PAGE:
Borders between different media of performing arts erasing: Mayuri Upadhya
Borders between the different mediums of performing arts are erasing, believes Mayuri Upadhya who has choreographed Feroz Abbas Khan’s romantic...
Borders between the different mediums of performing arts are erasing, believes Mayuri Upadhya who has choreographed Feroz Abbas Khan's romantic musical "Raunaq & Jassi" which is set to make a grand debut in Delhi soon.
Upadhya has choreographed 19 dancers who will be seen performing foot-tapping Punjabi folk dance for the Delhi edition.
The Hindi musical is inspired by William Shakespeare's romantic classic 'Romeo & Juliet' and celebrates love that transcends all barriers and boundaries.
In a conversation, Upadhya shares more about the play, her experience of working with theatre director, screenwriter and film maker and her love for dance. Read excerpts:
Which dance style is predominantly used in "Raunaq & Jassi"?
Upadhya: The dance forms used are primarily folk dance forms. There is a variety of them, even though the most popular form is Bhangra. We've used a lot of variations within the folk dance forms from Gidda, Jhoomar, Luddi and a bit of Jaago as well.
For the fight sequences, we've used a lot of body rhythms, inspiration from martial arts and we also conducted tasks to create movement material. One song in "Raunaq & Jassi" takes a lot of inspiration from contemporary Indian dance.
It takes inspiration from the tradition of Sufism as well which has the practice of taking a lot of Sufi Kathak chakkars. In teaching the Punjabi Folk Dance form, I used the expertise of Manvindar Pal Singh.
How difficult or easy is it with the actors?
Upadhya: The borders between the different mediums of performing arts are erasing. For me, some of the dancers are very fine actors, some of the musicians can move, some of the actors can dance so these are all the skills which one acquires if they are interested in stage.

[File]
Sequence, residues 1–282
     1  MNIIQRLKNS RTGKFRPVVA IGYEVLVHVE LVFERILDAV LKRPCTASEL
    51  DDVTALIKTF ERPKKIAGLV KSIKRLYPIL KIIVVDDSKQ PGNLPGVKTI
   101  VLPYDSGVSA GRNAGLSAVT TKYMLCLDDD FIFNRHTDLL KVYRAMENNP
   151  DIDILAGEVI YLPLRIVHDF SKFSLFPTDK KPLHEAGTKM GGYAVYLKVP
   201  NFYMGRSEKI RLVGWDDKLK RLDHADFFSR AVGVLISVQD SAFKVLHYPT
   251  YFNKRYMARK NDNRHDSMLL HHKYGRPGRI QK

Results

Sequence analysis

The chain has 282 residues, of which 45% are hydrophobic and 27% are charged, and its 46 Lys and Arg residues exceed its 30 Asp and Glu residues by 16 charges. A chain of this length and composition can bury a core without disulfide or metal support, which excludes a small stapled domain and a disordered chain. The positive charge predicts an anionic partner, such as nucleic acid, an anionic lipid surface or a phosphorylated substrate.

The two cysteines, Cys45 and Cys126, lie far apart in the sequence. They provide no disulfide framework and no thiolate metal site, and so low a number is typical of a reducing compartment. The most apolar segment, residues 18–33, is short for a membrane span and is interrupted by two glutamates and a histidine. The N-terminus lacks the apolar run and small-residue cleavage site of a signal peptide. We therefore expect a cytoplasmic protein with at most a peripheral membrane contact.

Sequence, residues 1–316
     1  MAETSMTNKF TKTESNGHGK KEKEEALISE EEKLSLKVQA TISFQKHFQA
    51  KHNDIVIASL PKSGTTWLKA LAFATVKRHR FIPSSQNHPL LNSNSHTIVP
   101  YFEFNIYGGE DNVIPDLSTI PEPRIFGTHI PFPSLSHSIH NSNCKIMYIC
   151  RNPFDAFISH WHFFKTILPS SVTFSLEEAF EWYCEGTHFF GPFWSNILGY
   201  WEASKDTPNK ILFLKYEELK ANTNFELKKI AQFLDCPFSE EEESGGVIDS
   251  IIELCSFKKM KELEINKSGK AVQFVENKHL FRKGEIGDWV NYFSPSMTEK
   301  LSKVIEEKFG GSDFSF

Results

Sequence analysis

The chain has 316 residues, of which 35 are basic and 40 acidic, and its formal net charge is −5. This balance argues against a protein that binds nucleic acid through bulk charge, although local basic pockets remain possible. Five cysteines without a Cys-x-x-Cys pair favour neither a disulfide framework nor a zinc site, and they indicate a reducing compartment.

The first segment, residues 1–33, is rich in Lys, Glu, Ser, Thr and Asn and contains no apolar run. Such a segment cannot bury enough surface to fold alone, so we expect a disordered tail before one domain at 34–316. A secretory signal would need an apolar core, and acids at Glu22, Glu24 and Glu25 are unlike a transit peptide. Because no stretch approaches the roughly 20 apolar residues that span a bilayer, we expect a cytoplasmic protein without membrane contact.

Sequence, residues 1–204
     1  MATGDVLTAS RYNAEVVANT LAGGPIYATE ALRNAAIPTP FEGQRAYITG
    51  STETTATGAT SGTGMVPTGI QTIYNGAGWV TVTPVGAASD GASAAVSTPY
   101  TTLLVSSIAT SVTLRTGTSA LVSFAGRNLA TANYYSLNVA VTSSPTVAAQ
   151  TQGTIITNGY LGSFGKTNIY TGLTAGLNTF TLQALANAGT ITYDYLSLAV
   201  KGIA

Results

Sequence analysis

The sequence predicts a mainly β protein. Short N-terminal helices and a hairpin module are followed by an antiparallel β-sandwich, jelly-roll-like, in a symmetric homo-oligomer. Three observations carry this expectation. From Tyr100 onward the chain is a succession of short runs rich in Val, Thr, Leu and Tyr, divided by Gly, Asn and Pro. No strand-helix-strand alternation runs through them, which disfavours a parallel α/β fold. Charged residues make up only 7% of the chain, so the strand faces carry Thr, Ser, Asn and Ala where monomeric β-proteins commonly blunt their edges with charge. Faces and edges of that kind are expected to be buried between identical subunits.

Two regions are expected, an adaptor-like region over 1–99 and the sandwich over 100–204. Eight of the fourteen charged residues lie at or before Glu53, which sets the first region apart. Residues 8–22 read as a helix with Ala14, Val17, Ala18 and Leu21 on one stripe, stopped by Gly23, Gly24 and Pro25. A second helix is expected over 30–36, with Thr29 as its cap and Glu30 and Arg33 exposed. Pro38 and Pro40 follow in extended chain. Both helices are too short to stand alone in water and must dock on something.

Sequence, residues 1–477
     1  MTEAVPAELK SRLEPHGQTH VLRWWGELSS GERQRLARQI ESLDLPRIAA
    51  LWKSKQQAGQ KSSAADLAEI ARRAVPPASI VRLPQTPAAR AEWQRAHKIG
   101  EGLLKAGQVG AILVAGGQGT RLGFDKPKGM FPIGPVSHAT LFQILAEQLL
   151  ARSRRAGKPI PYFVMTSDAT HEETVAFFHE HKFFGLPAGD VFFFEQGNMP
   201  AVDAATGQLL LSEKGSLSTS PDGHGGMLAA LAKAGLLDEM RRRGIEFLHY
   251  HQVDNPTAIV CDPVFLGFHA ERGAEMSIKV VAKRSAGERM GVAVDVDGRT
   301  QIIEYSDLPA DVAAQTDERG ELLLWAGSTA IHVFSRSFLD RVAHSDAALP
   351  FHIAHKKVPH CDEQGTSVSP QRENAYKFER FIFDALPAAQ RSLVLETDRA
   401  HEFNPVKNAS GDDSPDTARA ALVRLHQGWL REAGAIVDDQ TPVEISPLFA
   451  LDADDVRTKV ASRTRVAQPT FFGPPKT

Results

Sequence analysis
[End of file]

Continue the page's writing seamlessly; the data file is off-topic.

Especially for this musical, I think all the young actors with whom I had to create fight sequences for, they are all trained from NSD. Physical Theatre and Dance are the elements which were not alien to their bodies.
They didn't have to dance, but understand the movement, rhythm, and speed. The more interested and absorbed they were, the better performer it would make them. I had a lot of fun working with the actors. I think they enjoyed creating the material too.
Can you elaborate on your association with Khan? How is choreography set keeping all briefs in mind?
Upadhya: Feroz Sir and I have worked on three projects so far starting with "Mughal E Azam." He is not just a director that I look up to, he is a very special and inspiring part of my life. I think whether he creates a piece of film or theatre, there is an evident signature Feroz Abbas Khan style to it.
There is his "chaap" on it and it's extremely classy. I am grateful that he calls me every time to collaborate with him on his projects. His vision is larger than life.
The vision is so clear in his mind. He might not tell it out to other people but in his mind, the jigsaw puzzle is already a bigger picture as it comes together.
He gives a lot of importance to details and being authentic is important to him. So whether it is "Mughal E Azam" where Kathak was used or whether it is "Raunaq & Jassi" where folk dance forms were used, he has been extremely truthful to the art forms without messing with its grammar. So we've tried to be as pure as possible.
Out of all the projects with him, this one has been the toughest for me. It was very challenging because Sir drew a box within which I had to improvise. There were very clear borders defined within which I had to work. With the grammar of folk dance, there is not much variety.
There are very few steps and there are a few variations within that and using only those, we had to still create something very different.
Any challenges faced?
Upadhya: Time was a huge limitation. Running against deadlines adds a lot of pressure to creativity. So one thing is to make the dancers dance next to each other and the other is to create a sense of synergy while making them believe in the larger vision.
For me, it's important to build a team that belongs together, that enjoys each other's presence, that believes in the story and that brings out the rasa onto the audience.
Do plays allow you to experiment or do you have to stick to the plan?
Upadhya: This is a relative question as it depends on the director and the story that one picks. Musicals like these are all smaller elements of the larger picture.
The story is the hero so we have to make sure that we do justice to that whether it's the music department, costume department or dance department.
We are all elements that are bringing alive and adding value to the voice that Mr. Feroz Abbas Khan the director is trying to tell the audience.
We all have ways of highlighting the same thing, but yes it is a creative method so experimentation within specifications are always there.